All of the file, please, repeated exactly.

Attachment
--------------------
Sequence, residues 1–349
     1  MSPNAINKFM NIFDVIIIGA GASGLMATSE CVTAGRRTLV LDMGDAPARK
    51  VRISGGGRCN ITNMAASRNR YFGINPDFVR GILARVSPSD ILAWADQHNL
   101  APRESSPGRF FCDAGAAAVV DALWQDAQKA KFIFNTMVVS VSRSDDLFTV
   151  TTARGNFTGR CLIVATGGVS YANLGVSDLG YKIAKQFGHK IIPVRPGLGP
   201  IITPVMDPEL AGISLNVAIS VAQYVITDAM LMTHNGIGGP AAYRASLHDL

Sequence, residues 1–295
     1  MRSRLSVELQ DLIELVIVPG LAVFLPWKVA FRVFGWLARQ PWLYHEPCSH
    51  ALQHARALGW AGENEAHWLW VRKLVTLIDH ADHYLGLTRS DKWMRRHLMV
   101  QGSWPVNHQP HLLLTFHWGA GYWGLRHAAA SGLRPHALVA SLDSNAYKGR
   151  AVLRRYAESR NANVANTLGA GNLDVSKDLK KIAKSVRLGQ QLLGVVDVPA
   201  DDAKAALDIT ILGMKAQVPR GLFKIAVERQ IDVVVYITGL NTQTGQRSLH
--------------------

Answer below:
Sequence, residues 1–349
     1  MSPNAINKFM NIFDVIIIGA GASGLMATSE CVTAGRRTLV LDMGDAPARK
    51  VRISGGGRCN ITNMAASRNR YFGINPDFVR GILARVSPSD ILAWADQHNL
   101  APRESSPGRF FCDAGAAAVV DALWQDAQKA KFIFNTMVVS VSRSDDLFTV
   151  TTARGNFTGR CLIVATGGVS YANLGVSDLG YKIAKQFGHK IIPVRPGLGP
   201  IITPVMDPEL AGISLNVAIS VAQYVITDAM LMTHNGIGGP AAYRASLHDL

Sequence, residues 1–295
     1  MRSRLSVELQ DLIELVIVPG LAVFLPWKVA FRVFGWLARQ PWLYHEPCSH
    51  ALQHARALGW AGENEAHWLW VRKLVTLIDH ADHYLGLTRS DKWMRRHLMV
   101  QGSWPVNHQP HLLLTFHWGA GYWGLRHAAA SGLRPHALVA SLDSNAYKGR
   151  AVLRRYAESR NANVANTLGA GNLDVSKDLK KIAKSVRLGQ QLLGVVDVPA
   201  DDAKAALDIT ILGMKAQVPR GLFKIAVERQ IDVVVYITGL NTQTGQRSLH